Abolitionist and educator Myrtilla Miner viewed education as the key to ending slavery. After teaching in Rhode Island and Mississippi, she opened a school for African-American girls in 1851 in Washington, DC. In 1853, she found a permanent home for the Normal School for Colored Girls. Before the Civil War, hers was the only school that offered education beyond the elementary level for African-American girls. The subject of constant harassment, even from city leaders, one of her students said that Miner was the “one of the bravest women I have ever known.” The University of the District of Columbia traces its history back to Miner’s Normal School. Today, an elementary school in the District of Columbia is named in her honor.
A woman with many interests, Elizabeth Peabody opened the first English-language kindergarten in the U.S. in Boston, Massachusetts in 1860. Peabody was a teacher and a writer who owned a bookstore where Margaret Fuller held her “Conversations” starting in 1839 – where women could engage in conversations on diverse topics. Peabody also served as the publication manager of The Dial, a magazine of the Transcendental Movement for a while. Her belief that children’s play had fundamental educational and other values led her to open the kindergarten after meeting a student who had attended kindergarten in Germany and then visiting the German school herself. Her statement to the U.S. Congress in 1897 in support of free kindergartens reads: The advantage to the community in utilizing the age from 4 to 6 in training the hand and eye; in developing the habits of cleanliness, politeness, self-control, urbanity, industry; in training the mind to understand numbers and geometric forms, to invent combinations of figures and shapes, and to represent them with the pencil—these and other valuable lessons… will, I think, ultimately prevail in securing to us the establishment of this beneficent institution in all the city school systems of our country.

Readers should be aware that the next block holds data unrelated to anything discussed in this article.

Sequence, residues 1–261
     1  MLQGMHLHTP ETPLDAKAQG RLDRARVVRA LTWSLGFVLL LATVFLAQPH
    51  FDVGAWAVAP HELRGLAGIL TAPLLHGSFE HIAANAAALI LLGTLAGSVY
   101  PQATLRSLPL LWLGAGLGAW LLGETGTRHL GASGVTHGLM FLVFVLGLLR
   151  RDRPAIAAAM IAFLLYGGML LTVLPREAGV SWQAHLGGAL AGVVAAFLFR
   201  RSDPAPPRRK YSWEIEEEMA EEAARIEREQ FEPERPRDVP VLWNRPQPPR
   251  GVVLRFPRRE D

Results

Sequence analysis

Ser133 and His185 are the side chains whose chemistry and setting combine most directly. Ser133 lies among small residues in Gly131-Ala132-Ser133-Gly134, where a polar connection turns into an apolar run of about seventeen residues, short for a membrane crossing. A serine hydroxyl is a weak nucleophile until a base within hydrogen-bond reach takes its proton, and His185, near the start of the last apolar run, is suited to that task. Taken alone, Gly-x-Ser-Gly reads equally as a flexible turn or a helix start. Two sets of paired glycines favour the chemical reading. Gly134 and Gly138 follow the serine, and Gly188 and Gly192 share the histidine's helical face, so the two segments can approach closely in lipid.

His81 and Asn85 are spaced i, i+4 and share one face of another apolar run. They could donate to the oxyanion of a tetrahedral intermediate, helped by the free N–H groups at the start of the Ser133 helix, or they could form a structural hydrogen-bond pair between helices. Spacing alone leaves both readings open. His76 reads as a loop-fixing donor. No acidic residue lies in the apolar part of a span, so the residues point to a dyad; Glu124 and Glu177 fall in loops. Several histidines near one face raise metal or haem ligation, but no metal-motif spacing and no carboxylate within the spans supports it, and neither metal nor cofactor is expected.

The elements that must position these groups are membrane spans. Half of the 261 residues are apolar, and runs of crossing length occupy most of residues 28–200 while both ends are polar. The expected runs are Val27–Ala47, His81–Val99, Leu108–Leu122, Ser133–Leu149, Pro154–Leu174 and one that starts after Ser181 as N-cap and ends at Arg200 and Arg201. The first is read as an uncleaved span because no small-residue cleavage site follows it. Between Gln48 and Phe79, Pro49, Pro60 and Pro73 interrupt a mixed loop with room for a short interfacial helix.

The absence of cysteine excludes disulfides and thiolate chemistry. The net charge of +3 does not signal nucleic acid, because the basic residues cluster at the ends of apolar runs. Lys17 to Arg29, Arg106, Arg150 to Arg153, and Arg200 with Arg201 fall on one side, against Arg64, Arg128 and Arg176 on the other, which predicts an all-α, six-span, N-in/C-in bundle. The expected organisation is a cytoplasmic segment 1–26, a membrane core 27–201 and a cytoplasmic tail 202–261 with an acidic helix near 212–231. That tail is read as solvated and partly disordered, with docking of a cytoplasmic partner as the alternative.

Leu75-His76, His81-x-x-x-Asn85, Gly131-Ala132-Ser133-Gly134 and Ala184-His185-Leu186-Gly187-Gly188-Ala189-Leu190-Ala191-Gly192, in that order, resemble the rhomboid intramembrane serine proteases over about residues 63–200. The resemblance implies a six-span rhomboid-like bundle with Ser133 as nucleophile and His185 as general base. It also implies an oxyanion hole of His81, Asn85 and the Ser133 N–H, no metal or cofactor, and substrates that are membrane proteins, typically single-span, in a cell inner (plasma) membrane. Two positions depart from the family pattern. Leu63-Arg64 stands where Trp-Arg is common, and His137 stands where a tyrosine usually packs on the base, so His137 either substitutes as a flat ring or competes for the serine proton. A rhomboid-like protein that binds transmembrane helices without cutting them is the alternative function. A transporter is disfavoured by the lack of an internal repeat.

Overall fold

Women contribute to our lives in so many ways, including as pioneers in education. The women profiled above and many other women, almost all of them women we have not heard about and not learned about in school across all fields of endeavor, are profiled in our book, Her Story: A Timeline of the Women Who Changed America. Help us by continuing to tell women’s stories and write women back into history!
Jill S. Tietjen, PE, is an author, national speaker, and an electrical engineer. After 40 years in the electric utility industry, her professional focus is now on women’s advocacy, worldwide. She blogs for The Huffington Post, speaks nationally on the accomplishments of women, nominates women for awards, and continues to write books (8 published to date), following in the footsteps of her bestselling and award-winning book, Her Story: A Timeline of the Women Who Changed America (written with Charlotte Waisman). She is a frequent keynote speaker as her positive energy and her ability to relate to the audience result in inspired and energized listeners. The recipient of many awards, her induction into the Colorado Women’s Hall of Fame in 2010 remains one of her most treasured.
Charlotte S. Waisman, Ph.D. is a national champion and advocate for women as a professor and keynote speaker. A corporate leader, executive coach, and facilitator, she conducts leadership workshops nationally.